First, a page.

A cottage industry is building around the question: What would Milton Friedman do? With the U.S. Federal Reserve on the brink of announcing a new round of quantitative easing to pump a fresh supply of money into the U.S. economy, people are looking around for economic guidance. Prof. Friedman, the Nobel-winning free-market economist who died in 2006, earned his Nobel on the basis of his monetary-policy work. He was a “monetarist” who promoted the idea that steady and stable increases in the money supply were needed to keep growth high and inflation low.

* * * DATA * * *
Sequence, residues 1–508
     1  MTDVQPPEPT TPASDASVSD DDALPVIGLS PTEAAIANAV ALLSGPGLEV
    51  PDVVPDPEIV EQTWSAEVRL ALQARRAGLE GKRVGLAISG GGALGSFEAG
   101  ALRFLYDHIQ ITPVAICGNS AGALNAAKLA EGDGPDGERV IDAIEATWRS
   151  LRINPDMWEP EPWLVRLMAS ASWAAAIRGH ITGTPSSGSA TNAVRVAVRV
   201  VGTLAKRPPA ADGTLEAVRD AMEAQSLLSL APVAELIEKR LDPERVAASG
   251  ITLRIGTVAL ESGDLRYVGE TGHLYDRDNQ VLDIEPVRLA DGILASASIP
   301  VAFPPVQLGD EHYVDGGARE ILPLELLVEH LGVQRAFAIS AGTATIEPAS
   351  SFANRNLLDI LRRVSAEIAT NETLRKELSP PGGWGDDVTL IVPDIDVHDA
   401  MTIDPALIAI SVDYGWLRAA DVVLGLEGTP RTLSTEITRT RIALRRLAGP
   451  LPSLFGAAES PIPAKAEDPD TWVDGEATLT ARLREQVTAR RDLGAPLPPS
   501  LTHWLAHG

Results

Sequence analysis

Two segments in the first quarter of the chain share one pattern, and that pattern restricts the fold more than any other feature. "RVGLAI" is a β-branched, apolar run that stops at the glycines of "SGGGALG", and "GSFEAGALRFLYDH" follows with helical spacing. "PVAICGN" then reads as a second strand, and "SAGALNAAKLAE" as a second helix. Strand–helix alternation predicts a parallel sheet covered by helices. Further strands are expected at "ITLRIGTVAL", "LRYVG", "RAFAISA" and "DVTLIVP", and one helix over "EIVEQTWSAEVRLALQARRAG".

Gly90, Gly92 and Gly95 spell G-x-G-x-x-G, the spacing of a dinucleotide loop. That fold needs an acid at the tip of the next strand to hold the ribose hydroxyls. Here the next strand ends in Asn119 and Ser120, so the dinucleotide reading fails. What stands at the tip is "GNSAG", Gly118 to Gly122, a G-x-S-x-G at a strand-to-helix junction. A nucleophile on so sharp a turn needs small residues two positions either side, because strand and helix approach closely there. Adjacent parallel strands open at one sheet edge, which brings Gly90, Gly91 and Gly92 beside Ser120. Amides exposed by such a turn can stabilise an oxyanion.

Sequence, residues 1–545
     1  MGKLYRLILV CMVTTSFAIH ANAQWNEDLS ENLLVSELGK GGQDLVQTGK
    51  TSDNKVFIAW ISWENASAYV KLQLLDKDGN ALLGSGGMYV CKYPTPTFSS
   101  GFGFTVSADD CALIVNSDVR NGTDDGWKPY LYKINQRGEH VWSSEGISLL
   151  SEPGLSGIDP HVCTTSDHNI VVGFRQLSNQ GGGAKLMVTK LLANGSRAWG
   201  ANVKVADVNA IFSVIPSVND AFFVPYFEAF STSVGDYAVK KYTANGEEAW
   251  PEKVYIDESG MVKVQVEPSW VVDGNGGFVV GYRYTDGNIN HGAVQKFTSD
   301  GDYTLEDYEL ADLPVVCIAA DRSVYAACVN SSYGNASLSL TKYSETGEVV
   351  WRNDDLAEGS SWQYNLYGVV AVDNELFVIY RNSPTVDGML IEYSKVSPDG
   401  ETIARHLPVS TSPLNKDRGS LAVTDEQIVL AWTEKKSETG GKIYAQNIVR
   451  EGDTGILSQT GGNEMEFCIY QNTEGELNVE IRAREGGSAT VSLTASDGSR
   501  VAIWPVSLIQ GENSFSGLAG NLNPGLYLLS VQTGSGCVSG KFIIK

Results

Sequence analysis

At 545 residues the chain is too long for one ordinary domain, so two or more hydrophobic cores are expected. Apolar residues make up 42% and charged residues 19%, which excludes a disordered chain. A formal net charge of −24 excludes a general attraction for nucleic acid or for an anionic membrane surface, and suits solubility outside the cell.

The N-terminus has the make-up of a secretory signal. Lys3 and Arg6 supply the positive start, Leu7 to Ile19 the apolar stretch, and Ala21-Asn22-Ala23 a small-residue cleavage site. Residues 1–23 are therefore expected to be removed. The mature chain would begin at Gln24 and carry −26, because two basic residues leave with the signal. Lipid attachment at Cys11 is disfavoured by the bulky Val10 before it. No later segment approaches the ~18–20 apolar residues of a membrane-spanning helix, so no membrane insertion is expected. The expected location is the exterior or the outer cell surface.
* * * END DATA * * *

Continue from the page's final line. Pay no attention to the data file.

The consensus, more or less, appears to be that Prof. Friedman would endorse what Fed chairman Ben Bernanke is expected to announce tomorrow: another massive increase in bond purchases. If the Fed buys up to half a trillion dollars’ worth of bonds, pushing interest rates even lower, the theory is that such quantitative easing will drive Americans into doing something constructive with their money, activity that would push up money-supply measures.
Here is the piece that Will Ruger and I did on the topic and here is the article by David Wessel.